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Chiropractic is a health profession concerned with the diagnosis, treatment and prevention of disorders of the musculoskeletal system, and the effects of these disorders on the nervous system and general health. There is an emphasis on manual treatments, including spinal manipulation.

The word chiropractic, from the Greek words praxis and cheir, means practice or treatment by hand. Like the word pharmaceutical it is used both as an adjective (e.g. chiropractic profession) and as a noun (e.g. as in the title and definition above).

The profession was founded in the U.S. in 1895 and is now established in over 70 countries. National associations of chiropractors from these countries are members of a World Federation of Chiropractic, based in Toronto, Canada, which is in official relations with the World Health Organization. There are approximately 65,000 doctors of chiropractic in the U.S., 6,000 in Canada and 90,000 internationally.

Education and Licensure
In North America there is a minimum of six years full time university-level education, which includes two years of university credits in qualifying subjects and then a four year undergraduate program at chiropractic college. This is followed by national and state/provincial licensing board examinations. Postgraduate specialties include chiropractic sciences, neurology, nutrition, orthopedics, radiology, rehabilitation and sports chiropractic.

Internationally, common standards of education have been achieved through a network of accrediting agencies that began with the U.S. Council on Chiropractic Education (CCE), recognized by the U.S. Office of Education since 1974. There are chiropractic colleges in Australia (3), Brazil (2), Canada (2), Denmark, France, Italy, Japan (2), Korea, New Zealand, Mexico, South Africa (2), Spain, Sweden, Switzerland, the United Kingdom (4) and the United States (16). In most countries these colleges are now in the public university system.

Licensing Laws
The practice of chiropractic is now recognized and regulated by law in many countries in all world regions. Common features of all licensing laws are primary care (i.e. the right of a patient to consult a chiropractor directly), and the right and duty to perform a diagnosis. Diagnosis includes the right to use x-ray and other diagnostic imaging and tests.

The professional titles most commonly approved by law in the U.S. states and Canadian provinces are chiropractor and doctor of chiropractic. Many U.S. states also approve the title chiropractic physician. In these states the title physician is given to chiropractic, medical and osteopathic doctors in recognition of their competence and duty to perform a diagnosis.

The chiropractic profession emphasizes the natural power of the body to heal itself (homeostasis) and therefore chiropractic practice does not include the use of drugs or surgery. Patients requiring these interventions are referred for medical care. Chiropractors use natural or non-invasive treatment approaches including manual treatments, physical therapy modalities, exercise programs, nutritional advice, orthotics, lifestyle modification and other patient education. There is an emphasis on joint manipulation, for which the traditional chiropractic term is joint adjustment, because of its proven effectiveness.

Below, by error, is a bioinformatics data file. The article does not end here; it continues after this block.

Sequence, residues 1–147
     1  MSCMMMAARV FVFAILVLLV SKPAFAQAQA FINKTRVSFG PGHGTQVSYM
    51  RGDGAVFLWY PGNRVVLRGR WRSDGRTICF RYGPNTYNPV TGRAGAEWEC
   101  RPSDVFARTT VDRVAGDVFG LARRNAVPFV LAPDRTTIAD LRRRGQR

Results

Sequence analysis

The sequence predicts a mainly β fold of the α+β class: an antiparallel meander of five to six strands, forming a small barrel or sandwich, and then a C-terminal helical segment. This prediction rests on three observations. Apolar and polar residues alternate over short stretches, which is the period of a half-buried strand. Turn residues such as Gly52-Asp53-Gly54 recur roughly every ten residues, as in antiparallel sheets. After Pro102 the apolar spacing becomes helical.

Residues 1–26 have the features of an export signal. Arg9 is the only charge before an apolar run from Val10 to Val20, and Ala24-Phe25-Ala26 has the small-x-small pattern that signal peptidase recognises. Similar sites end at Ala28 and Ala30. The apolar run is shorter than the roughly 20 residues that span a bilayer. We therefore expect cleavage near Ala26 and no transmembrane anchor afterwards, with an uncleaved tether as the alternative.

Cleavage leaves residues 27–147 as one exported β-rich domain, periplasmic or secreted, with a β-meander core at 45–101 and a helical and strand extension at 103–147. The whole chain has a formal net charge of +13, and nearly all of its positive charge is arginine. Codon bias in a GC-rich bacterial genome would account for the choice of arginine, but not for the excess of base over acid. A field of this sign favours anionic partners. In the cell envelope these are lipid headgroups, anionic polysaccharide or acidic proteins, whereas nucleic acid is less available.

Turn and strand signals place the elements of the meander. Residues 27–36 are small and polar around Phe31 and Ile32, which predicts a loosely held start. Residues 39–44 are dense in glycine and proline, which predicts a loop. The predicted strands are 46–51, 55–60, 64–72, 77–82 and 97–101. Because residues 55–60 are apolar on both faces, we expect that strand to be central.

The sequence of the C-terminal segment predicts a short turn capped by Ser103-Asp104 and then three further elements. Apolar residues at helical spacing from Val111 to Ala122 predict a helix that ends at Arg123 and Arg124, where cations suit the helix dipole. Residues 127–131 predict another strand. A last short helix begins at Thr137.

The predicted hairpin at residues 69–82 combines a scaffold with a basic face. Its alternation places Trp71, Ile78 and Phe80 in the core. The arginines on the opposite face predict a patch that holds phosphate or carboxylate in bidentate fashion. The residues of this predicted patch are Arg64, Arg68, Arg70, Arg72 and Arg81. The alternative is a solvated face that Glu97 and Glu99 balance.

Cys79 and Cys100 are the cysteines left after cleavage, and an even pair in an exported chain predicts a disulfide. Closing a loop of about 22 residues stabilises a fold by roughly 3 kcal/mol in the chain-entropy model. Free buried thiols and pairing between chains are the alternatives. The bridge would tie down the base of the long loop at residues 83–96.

Surverys  in Australia, Europe and North America report that approximately 95% of chiropractic patients have musculoskeletal pain conditions (e.g. back pain, neck pain, headache, pain in the shoulder, arms or legs) as their main complaint. Research and research-based practice guidelines from various multidisciplinary expert panels in the 1990s have endorsed chiropractic management by recommending spinal manipulation, over-the-counter pain medication, exercise and early return to activities as the most effective and cost-effective management for most patients with back pain, neck pain and tension-type headache.

The other 5% of chiropractic practice involves patients with a wide variety of conditions that are caused, aggravated or mimicked by restricted range of movement in the spinal vertebrae and muscles, termed spinal dysfunction or subluxation, and the pain and other reflex effects of this expressed through the nervous system. Such conditions include dysmenorrhea, asthma and other respiratory dysfunctions, colic, constipation and other digestive dysfunctions.

For various reasons, including improved chiropractic education and research during the past 20 years and the expectations—indeed the demands—of patients, much of the former conflict between the chiropractic and medical professions has been replaced by mutual respect and cooperation. Interdisciplinary practice is now common, with chiropractic and medical doctors, physical therapists and others working as partners or referring patients as necessary in general practice, occupational health, automobile accident and other rehabilitation centers and sports medicine teams.

The Chiropractic Profession
by David Chapman-Smith